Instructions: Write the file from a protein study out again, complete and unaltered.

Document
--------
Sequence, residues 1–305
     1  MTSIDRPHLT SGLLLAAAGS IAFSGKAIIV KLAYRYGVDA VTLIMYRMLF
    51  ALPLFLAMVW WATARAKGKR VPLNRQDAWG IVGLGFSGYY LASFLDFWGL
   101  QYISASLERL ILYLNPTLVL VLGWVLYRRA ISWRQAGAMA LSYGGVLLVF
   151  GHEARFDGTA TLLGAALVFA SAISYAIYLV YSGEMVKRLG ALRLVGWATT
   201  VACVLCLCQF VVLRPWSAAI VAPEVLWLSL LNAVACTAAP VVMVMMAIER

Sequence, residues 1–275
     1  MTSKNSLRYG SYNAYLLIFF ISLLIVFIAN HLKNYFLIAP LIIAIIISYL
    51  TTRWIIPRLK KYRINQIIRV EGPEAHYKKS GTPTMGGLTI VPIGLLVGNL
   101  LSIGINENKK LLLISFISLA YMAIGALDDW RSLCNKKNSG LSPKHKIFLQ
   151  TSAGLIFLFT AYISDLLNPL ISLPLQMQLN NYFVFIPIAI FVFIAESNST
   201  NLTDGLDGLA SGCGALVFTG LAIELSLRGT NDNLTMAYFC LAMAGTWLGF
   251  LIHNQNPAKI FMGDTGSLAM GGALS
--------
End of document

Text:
Sequence, residues 1–305
     1  MTSIDRPHLT SGLLLAAAGS IAFSGKAIIV KLAYRYGVDA VTLIMYRMLF
    51  ALPLFLAMVW WATARAKGKR VPLNRQDAWG IVGLGFSGYY LASFLDFWGL
   101  QYISASLERL ILYLNPTLVL VLGWVLYRRA ISWRQAGAMA LSYGGVLLVF
   151  GHEARFDGTA TLLGAALVFA SAISYAIYLV YSGEMVKRLG ALRLVGWATT
   201  VACVLCLCQF VVLRPWSAAI VAPEVLWLSL LNAVACTAAP VVMVMMAIER

Sequence, residues 1–275
     1  MTSKNSLRYG SYNAYLLIFF ISLLIVFIAN HLKNYFLIAP LIIAIIISYL
    51  TTRWIIPRLK KYRINQIIRV EGPEAHYKKS GTPTMGGLTI VPIGLLVGNL
   101  LSIGINENKK LLLISFISLA YMAIGALDDW RSLCNKKNSG LSPKHKIFLQ
   151  TSAGLIFLFT AYISDLLNPL ISLPLQMQLN NYFVFIPIAI FVFIAESNST
   201  NLTDGLDGLA SGCGALVFTG LAIELSLRGT NDNLTMAYFC LAMAGTWLGF
   251  LIHNQNPAKI FMGDTGSLAM GGALS